Speaking of the move, we were very pleased to sell our current location last fall and are currently leasing that facility until we move. Our new location is in the heart of Washington, on Connecticut Avenue, one half block from Lafayette Park and the White House. We’ll be right across the street from the U.S. Chamber of Commerce. So, if you’re in the area, please plan to stop by our new home! Our architect is designing some extra space for members to “hang their hats” when they’re in the DC area. This move is part of our strategic repositioning in Washington and will serve us well for the long term.

Here’s a quick rundown on what we’ve been working on so far this year:

• We instituted our new Member Support Level Program in January. Our aim was to “unbundle” our products and services and permit our members to have more of a choice in how they support NATA. This has been a great success and we’re seeing more and more companies select the levels of support that provide the most value for their individual businesses, all while receiving significant discounts.

• February included a meeting with Department of Transportation Secretary Anthony Foxx where we had a full discussion on NATA’s mission and the importance of General Aviation to the nation’s economy; and we offered NATA’s help in developing and implementing policies that improve aviation safety and help our members win in the marketplace. I was also fortunate to attend the Bob Hoover gala that included a dinner where several notable inductees entered the Hoover Hall of Honor, followed the next evening by a tribute and the premier of a Paramount Documentary of Bob’s lifetime achievements. Bob is a legend in our aviation world and it was an honor to join many other heroes such as astronauts Jim Lovell, Gene Cernan and Buzz Aldrin. Several key NATA members were also in attendance.

• March started off quickly with the Aviation Business and Legislative Conference. Although we were challenged by miserable weather in Washington, the event was a great success. Other visits that month included the Women in Aviation, International Conference in Orlando, a speech to the Minnesota Aviation Trades Association, and a panel at Aviation Pros Live in Las Vegas. While in Washington for a few days in between traveling, I was interviewed by the FAA’s Management Advisory Council on a wide range of issues, including the possibility of FAA structural reform, something that’s been gaining traction in Washington, D.C. policy circles.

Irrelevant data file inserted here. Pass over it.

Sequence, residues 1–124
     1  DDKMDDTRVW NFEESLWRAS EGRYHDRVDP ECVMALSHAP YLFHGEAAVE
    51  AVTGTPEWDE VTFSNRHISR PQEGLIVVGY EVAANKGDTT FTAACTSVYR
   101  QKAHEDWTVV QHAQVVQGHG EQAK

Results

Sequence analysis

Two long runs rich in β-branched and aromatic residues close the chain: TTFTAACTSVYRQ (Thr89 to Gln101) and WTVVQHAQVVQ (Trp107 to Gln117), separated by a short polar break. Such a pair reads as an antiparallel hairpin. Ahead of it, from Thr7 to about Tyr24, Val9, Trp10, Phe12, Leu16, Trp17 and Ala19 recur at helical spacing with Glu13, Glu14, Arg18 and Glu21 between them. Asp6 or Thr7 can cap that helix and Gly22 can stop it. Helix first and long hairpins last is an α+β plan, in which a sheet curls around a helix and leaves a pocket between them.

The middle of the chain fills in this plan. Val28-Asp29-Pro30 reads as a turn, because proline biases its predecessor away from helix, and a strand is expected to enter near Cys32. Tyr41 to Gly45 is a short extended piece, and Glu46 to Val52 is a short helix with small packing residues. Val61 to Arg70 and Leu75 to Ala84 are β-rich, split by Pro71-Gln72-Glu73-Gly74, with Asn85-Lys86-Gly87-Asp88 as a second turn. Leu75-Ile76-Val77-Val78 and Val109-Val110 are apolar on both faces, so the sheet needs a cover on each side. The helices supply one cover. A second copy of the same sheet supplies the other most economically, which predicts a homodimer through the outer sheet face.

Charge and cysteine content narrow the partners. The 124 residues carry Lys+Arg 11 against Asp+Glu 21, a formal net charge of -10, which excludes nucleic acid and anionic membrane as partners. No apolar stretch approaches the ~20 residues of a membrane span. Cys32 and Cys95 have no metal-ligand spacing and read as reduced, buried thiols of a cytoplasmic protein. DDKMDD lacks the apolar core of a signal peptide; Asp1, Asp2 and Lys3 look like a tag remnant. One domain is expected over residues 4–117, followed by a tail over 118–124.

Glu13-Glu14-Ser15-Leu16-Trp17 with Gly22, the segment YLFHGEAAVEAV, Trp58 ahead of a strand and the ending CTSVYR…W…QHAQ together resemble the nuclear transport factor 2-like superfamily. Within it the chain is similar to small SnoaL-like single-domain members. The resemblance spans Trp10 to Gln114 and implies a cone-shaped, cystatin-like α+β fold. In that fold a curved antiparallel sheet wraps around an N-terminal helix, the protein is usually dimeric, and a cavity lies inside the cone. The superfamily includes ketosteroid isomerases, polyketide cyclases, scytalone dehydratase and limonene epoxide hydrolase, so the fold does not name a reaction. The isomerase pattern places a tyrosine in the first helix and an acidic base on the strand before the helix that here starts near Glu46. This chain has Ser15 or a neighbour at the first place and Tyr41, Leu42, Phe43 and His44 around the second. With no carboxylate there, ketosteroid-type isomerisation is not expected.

• April began with my first visit to Sun ‘N Fun in Lakeland, Florida. It was a fabulous event! I flew down in a Saratoga and was on a Town Hall panel with the co-chair of the House General Aviation Caucus, Representative Sam Graves (MO), AOPA President Mark Baker and HAI President Matt Zuccaro.

Just last month, we were once again excited to host a fundraising event for the Veterans Airlift Command (VAC) and other veterans groups at the Air Charter Summit. Last year, working with VAC’s Chairman, CEO and Founder Walt Fricke, we raised over $20,000 for this incredibly worthy organization. I am proud to report that we raised nearly $50,000 this year. As a long-serving veteran, I have a special place in my heart for these groups. I spent nearly nine years on active duty in the Navy and another eighteen in the Air Force Reserve. In fact, the week before the Air Charter Summit, I joined my Navy squadron mates from 30 years ago for a reunion in Newport, RI. Our host was the squadron’s “youngster,” who is now a Rear Admiral and President of the Naval War College. Thirty years ago in April, we lost one of the finest fighter pilots, naval officers, fathers and gentlemen I’ve ever met. Lieutenant Commander Tim Murphy died in a tragic aircraft accident during a catapult shot in the Indian Ocean in month four of a five-month cruise to the Northern Arabian Sea. Tim had a wonderful wife and four young children and it was simply devastating to all involved. His entire family joined us in Newport in June to toast a few in “Muff’s” honor and memory. For veterans, our service is mostly defined by honor, fellowship and sacrifice. This is why our support of the VAC is so exciting, heartwarming and a privilege for us all. Please give this worthy cause your support!